• Training with and fitting of orthoses and walking aids

    In order to provide more security in various positions, to facilitate breathing, to maintain or develop mobility and to prevent the development or worsening of contractures, patients are positioned in therapy and/or in everyday life and regularly repositioned. This is done in cooperation with the staff on the wards or the caregivers.

    For patients with increased secretion or strong mucus production, we offer the testing of abdominal positioning modules. These help to remove secretions. Especially in early rehabilitation, this can be done with individual positioning modules (according to the Bobath concept) or with blankets and pillows (according to the LIN concept by H. Pickenbrock) and has a calming and tonus-reducing effect. Children with restlessness can also benefit from this to some extent.


    Especially patients with acquired brain damage often have problems keeping their airways free of secretions.

    But other problems with breathing can also occur in neurologically affected persons. As a supplement to medical and nursing treatment, we offer breathng therapy by our physiotherapists if required. Depending on the individual possibilities and problems, manual techniques and positioning treatment are used to try to loosen the secretions, to facilitate transport to the oral cavity or to the tracheostoma, and to help the children get rid of the secretions by coughing support or drainage support. Our aim is to get patients to the point where they can learn to manage their breathing and secretion elimination themselves or with as little help as possible.


    Strengthening the muscles is also an important part of therapy for children with neurological problems.

    Often it is the erector muscles that are too weak to allow effective postural control. Here, in addition to manual techniques, vibration plates (Galileo) are used to strengthen muscles and build a reliable postural base. However, vibration plates can also be used with other frequencies to regulate tone. A Galileo plate with a tilting table is also used in the Children's Hospital Schömberg as preparation for or as part of the therapy. People who cannot stand freely, for example, benefit from this.


    Scar treatment

    Orthopaedic operations often result in scars. If these are not treated, they can harden and restrict mobility. Especially for patients whose mobility is already limited by other factors, scar treatment is a way to avoid additional problems. We work with a combination of manual and physical techniques. In addition to special massage techniques, heat, cold and other ways of stimulating the local metabolism are used.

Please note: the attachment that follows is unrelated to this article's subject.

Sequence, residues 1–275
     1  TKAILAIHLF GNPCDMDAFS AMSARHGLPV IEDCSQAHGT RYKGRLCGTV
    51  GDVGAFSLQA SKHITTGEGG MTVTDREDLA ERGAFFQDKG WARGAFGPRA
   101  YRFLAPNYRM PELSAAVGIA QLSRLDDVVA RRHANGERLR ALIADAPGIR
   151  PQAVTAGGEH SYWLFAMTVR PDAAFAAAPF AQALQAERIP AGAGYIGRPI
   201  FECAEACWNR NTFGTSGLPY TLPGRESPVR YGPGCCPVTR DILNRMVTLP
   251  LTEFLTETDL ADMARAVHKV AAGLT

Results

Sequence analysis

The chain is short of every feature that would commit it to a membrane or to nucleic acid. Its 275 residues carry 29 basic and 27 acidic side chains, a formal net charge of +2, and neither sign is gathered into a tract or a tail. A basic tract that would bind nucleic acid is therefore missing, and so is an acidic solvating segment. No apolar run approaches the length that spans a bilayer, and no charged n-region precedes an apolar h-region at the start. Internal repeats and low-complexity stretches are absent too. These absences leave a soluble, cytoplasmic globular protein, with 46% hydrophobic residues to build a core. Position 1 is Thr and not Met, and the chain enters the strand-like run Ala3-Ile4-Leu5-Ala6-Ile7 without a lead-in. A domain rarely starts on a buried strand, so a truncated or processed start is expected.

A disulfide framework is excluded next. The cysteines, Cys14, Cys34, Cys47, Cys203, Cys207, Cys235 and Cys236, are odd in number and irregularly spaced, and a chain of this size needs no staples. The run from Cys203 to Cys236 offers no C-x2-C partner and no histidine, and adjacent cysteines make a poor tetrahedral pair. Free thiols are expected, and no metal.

Lymphatic drainage

    Immediately after operations, there is often swelling and accumulation of fluid in the tissue. We help here with lymph drainage and other decongestive techniques, thus creating the conditions for freedom from pain and movement. In addition to manual techniques and compression, tape systems are also used.

    Gaining experience of their own movement and action possibilities through play is very important for the development of children of kindergarten age.

    Challenges to motor skills and posture control lead to their improvement quite incidentally. This is further enhanced by the shared experience in the psychomotor group.

    It is often difficult for children, adolescents and young adults with disabilities to gather sensory impressions themselves. In groups, sensory perceptions are stimulated with basal offers and the confrontation with them is used for learning steps.

    We also use the Feldenkrais method to train self-awareness: learning to perceive something in one's own body through the smallest movements is the prerequisite for changing oneself and one's movements. Feldenkrais work is also used to train self-awareness.


    Climbing on the bouldering wall (room height) is a nice way to provide challenging movement experiences for Children with movement disorders under supervision and with assistance.

    It is less about great heights or degrees of difficulty than about having fun with the challenge and proving oneself on the straight or inclined bouldering wall. The inclinability of the wall makes this experience accessible to children who would not be able to climb on a vertical wall. This therapy takes place in a group and thus offers the additional opportunity to try out rule-governed togetherness, to have fun together and to let the presence of observers motivate them to achieve their best.